At exactly 4 o'clock in the afternoon, Congress approving the joint canvassing committee report fifteen minutes before, proclaimed Benigno Simeon Aquino III as the duly elected President of the Republic of the Philippines and Jejomar Binay as Vice President.
I cannot help but cry as I see Noynoy's hands being raised by Senate president Juan Ponce-Enrile and Speaker Prospero Nograles. At last, nine years under the tyrannical and graft-ridden administration under Noynoy's professor, Mrs. Arroyo, has officially ended. Change did not happen through the force of arms but through democratic means.
The proclamation, however, had its ironies.
If you ask victims of the Marcos' regime, it would have been totally unimaginable seeing Juan Ponce-Enrile, the jailer of Ninoy Aquino and staunch opponent of Cory Aquino, raising the hands of Noynoy. Likewise, totally ironic seeing Prospero Nograles, main man of First Gentleman Mike Arroyo and staunch Arroyo apologist, also grasping the hand of this administration's main critic. Two men who played pivotal roles in two of the country's most tyrannical and dictatorial regimes now beside the man whom many hope will truly lead the country towards meaningful changes.
It was also very symbolic also seeing Enrile congratulating Jejomar Binay, one of the victims of the Marcos regime and one of the few Ilocano lawyers who stood bravely against their fellow Ilokano, Ferdinand Marcos.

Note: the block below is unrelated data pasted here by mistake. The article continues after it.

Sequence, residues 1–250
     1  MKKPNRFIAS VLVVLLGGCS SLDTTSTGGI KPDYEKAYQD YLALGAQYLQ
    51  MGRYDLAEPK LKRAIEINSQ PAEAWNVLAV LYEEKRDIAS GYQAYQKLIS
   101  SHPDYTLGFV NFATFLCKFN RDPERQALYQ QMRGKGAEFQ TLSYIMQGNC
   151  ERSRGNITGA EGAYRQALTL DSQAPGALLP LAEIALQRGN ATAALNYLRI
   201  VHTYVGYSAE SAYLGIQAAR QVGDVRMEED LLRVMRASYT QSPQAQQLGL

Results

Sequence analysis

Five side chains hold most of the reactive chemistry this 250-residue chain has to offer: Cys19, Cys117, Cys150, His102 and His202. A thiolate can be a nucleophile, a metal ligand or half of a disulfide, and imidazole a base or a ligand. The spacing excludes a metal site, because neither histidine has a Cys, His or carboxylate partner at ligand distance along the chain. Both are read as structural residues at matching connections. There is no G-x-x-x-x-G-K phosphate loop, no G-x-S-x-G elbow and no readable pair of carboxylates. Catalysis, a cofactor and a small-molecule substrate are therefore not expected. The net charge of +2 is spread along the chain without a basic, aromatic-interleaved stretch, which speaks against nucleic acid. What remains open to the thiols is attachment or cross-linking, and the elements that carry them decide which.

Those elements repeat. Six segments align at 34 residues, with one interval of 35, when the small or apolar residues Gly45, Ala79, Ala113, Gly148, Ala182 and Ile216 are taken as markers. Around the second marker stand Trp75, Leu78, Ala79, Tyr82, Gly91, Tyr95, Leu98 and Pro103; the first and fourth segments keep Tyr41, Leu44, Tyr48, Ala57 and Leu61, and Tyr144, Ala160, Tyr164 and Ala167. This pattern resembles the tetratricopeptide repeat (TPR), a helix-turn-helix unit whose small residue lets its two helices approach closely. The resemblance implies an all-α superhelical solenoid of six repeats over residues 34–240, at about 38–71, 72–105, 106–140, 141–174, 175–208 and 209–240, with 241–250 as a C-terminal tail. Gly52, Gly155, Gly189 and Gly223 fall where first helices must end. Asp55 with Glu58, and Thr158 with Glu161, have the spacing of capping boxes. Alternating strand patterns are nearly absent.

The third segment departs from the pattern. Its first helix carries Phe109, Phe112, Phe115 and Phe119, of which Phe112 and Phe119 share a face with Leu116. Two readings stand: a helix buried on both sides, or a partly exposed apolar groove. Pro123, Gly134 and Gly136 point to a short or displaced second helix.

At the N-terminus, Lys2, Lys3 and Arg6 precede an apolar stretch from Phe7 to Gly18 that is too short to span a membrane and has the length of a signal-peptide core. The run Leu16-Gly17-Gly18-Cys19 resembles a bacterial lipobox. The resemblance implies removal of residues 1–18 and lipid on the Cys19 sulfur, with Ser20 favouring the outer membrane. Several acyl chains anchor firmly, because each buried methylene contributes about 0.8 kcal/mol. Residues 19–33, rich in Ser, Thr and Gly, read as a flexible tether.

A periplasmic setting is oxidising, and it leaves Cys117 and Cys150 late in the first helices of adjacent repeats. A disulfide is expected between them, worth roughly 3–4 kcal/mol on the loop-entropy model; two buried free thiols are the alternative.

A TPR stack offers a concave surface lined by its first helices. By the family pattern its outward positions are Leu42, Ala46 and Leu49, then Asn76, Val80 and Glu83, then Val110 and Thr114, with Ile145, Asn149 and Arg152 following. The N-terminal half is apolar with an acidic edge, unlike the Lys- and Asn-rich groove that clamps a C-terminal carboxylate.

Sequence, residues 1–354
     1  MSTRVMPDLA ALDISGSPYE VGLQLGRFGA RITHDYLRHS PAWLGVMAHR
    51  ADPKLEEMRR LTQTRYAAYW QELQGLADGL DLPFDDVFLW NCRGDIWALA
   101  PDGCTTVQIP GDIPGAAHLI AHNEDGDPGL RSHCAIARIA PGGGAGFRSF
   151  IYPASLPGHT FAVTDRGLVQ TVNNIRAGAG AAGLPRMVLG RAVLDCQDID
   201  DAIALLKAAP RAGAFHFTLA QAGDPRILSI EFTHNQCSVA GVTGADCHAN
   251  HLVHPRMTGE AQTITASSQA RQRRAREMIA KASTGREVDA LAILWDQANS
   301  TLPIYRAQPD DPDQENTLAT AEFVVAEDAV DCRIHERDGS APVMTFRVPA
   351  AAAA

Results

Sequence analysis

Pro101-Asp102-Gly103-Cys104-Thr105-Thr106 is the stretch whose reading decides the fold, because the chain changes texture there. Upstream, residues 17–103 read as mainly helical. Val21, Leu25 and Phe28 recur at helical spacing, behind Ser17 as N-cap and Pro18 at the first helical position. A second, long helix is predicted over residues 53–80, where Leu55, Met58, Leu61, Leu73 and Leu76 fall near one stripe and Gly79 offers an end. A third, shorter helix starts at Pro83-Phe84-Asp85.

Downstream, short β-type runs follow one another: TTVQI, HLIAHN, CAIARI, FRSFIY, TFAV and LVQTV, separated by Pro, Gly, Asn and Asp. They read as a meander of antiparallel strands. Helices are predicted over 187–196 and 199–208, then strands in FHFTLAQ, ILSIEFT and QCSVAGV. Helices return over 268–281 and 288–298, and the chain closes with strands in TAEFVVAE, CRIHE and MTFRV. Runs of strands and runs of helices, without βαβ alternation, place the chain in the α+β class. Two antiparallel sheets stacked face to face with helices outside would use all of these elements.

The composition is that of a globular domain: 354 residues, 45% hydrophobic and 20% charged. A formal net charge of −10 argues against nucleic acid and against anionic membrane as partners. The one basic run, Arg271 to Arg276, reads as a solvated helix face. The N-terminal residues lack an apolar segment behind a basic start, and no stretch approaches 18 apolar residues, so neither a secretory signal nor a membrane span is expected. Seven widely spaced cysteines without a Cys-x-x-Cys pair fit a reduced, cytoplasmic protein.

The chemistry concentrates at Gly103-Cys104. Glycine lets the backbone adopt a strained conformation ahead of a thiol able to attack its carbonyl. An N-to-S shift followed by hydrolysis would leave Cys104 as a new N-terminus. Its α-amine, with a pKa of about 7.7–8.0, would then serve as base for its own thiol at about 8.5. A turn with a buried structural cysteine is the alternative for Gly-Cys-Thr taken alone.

Both were also "surprise candidates" and considered "dark horses" in the last elections. A year ago, no one thought that Noynoy Aquino would actually run and win as president. Many people thought it was probably either Roxas or Villar who would win. Aquino ran with a shoe-string budget compared with the billions which Villar was ready to spend.
Binay's case is a phenomenal sideshow in the politics of this country. When the campaign started, Binay was trailing behind Mar Roxas and even Loren Legarda. At the final stretch, Binay managed to squeak a win over Roxas by about 720,000 votes.
This signifies the peaceful transition of power--from those who suffered during the time of the dictatorship--to the new leaders of a new order. I see many faces in Congress, those who inherited their positions from their parents. And I know that in the next Congress, many are new in this game of politics and these people have the chance to really institute changes in this country.